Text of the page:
A few years back, I heard an interesting quote related to my line of work as a merger and acquisition advisor, and it has stuck with me, perhaps more than any other. First, some context: I was in a closing involving the sale of a client’s business. The client, by all accounts, was a very successful businessperson that had started, built, and sold numerous businesses.
The late 1970s and early 1980s saw the birth of what soon became a phenomenon in the professional cleaning industry: the janitorial broker. A janitorial broker is someone who bids on the cleaning needs of all kinds of properties, from restaurants and schools to commercial office buildings, with the goal of securing the contract for cleaning these facilities.
Last year, I wrote the article “Effective Training of Today’s Diverse Workforce” for SERVICES, and it included numerous examples of how technology can improve training. Since this is the 2013 technology issue, this article will update some of the changes I have witnessed since that article first appeared.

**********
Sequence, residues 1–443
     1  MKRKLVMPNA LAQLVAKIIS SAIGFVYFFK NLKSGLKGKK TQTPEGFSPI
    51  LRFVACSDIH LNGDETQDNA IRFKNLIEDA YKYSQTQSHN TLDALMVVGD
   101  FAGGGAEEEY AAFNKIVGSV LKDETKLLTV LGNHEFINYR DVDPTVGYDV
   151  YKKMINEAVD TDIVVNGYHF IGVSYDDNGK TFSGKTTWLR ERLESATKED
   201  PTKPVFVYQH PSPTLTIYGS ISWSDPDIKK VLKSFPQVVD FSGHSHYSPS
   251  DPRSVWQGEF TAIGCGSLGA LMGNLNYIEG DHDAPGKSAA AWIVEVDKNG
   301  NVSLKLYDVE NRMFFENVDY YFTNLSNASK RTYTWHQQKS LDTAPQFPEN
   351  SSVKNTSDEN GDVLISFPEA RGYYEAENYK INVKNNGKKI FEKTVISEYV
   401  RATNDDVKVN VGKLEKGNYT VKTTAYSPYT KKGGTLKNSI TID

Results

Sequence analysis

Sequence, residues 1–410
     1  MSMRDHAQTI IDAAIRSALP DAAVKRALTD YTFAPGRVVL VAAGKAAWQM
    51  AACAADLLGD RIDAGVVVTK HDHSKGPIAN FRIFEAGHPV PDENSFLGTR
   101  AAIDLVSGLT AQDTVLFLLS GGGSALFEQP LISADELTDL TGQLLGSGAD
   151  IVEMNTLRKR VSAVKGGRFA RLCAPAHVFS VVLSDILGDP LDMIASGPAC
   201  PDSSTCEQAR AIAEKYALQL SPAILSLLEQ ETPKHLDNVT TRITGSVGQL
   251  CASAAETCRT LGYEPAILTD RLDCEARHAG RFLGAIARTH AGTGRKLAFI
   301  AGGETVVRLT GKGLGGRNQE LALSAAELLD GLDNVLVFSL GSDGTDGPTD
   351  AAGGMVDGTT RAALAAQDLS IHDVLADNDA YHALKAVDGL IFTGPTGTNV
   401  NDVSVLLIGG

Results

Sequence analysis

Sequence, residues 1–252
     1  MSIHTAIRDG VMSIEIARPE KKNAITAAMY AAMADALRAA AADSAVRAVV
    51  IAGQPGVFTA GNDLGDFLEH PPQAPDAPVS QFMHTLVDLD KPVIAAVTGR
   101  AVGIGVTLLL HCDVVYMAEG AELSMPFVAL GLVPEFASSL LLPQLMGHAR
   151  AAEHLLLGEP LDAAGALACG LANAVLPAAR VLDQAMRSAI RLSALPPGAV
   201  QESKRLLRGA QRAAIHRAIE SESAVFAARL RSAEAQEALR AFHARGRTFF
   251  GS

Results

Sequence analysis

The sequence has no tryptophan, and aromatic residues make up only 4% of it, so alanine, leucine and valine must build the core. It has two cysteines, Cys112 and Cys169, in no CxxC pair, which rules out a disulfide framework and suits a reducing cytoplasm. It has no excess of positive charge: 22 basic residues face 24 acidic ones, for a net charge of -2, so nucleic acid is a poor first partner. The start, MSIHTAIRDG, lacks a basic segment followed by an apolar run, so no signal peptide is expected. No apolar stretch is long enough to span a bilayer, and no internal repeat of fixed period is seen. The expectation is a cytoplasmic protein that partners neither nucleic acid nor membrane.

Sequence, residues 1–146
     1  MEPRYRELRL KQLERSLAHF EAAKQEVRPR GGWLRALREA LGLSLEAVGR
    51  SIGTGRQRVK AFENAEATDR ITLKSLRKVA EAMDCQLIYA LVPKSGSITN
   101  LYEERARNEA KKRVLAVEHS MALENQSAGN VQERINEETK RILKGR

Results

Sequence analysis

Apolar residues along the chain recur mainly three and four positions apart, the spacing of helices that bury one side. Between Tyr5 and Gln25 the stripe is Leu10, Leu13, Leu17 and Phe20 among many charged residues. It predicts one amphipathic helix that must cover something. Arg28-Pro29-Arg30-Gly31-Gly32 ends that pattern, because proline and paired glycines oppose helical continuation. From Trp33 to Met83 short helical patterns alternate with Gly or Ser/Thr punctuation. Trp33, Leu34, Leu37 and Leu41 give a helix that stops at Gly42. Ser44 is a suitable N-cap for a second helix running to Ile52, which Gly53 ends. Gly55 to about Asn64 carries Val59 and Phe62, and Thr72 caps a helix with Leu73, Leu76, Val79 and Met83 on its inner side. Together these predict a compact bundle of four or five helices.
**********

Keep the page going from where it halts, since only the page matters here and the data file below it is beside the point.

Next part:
In July, the Department of the Treasury used its administrative authority to grant employers an additional year to implement key elements of the Affordable Care Act (ACA) employer mandate. Essentially, the mandate stipulated that employers of 50 or more full-time equivalent employees must offer affordable health care coverage to full-time employees or pay a penalty.
Sometimes it seems like the pace and demands of life increase by the day. We work longer hours, shoulder heavier burdens, multitask, and try to get more done in less time with fewer resources. While these challenges apply to almost all market sectors, in our current economic environment the facility services industry has been hit exceptionally hard.
One of the most common types of dashboards now in use, and the type many building service contractors are most likely to encounter working with their clients, are called sustainability dashboards. These dashboards are designed to measure, monitor, and report on the key performance indicators (KPIs) for a facility.
Google's Zero Moment of Truth (ZMOT) is when a potential buyer picks up his or her laptop, smartphone, desktop computer, or tablet and starts searching for products and services. They educate themselves about their various options, which companies offer those options, and which business is most informative in their purchase decision.